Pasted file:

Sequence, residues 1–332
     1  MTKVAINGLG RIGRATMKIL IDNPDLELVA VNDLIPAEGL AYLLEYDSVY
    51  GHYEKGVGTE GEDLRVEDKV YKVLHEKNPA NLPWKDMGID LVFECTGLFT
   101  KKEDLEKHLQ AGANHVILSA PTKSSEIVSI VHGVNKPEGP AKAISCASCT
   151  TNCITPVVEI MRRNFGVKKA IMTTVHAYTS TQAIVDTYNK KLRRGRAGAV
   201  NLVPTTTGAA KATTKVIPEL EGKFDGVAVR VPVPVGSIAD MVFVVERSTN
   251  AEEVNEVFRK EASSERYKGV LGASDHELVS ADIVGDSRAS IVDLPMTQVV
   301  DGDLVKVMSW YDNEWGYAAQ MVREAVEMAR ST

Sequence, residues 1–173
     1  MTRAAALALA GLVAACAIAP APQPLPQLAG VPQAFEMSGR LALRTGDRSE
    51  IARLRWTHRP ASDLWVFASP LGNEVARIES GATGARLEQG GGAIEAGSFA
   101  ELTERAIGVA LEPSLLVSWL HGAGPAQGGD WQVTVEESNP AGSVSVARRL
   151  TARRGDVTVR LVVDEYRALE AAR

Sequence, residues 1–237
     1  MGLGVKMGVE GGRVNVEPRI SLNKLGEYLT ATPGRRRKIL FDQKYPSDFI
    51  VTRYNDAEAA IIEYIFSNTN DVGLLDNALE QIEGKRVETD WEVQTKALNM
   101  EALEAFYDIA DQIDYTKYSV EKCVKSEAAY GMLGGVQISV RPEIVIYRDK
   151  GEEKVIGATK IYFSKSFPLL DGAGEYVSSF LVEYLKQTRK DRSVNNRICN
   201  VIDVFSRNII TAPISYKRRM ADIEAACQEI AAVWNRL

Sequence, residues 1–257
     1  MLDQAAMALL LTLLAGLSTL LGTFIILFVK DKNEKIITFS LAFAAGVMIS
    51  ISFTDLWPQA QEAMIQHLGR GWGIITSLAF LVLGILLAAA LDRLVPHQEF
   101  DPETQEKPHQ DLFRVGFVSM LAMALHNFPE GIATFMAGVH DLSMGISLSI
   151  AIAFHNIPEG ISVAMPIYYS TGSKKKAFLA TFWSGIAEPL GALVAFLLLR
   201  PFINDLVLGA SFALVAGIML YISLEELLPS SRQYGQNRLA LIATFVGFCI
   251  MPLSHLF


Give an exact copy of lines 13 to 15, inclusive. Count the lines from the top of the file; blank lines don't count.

   151  TARRGDVTVR LVVDEYRALE AAR

Sequence, residues 1–237
     1  MGLGVKMGVE GGRVNVEPRI SLNKLGEYLT ATPGRRRKIL FDQKYPSDFI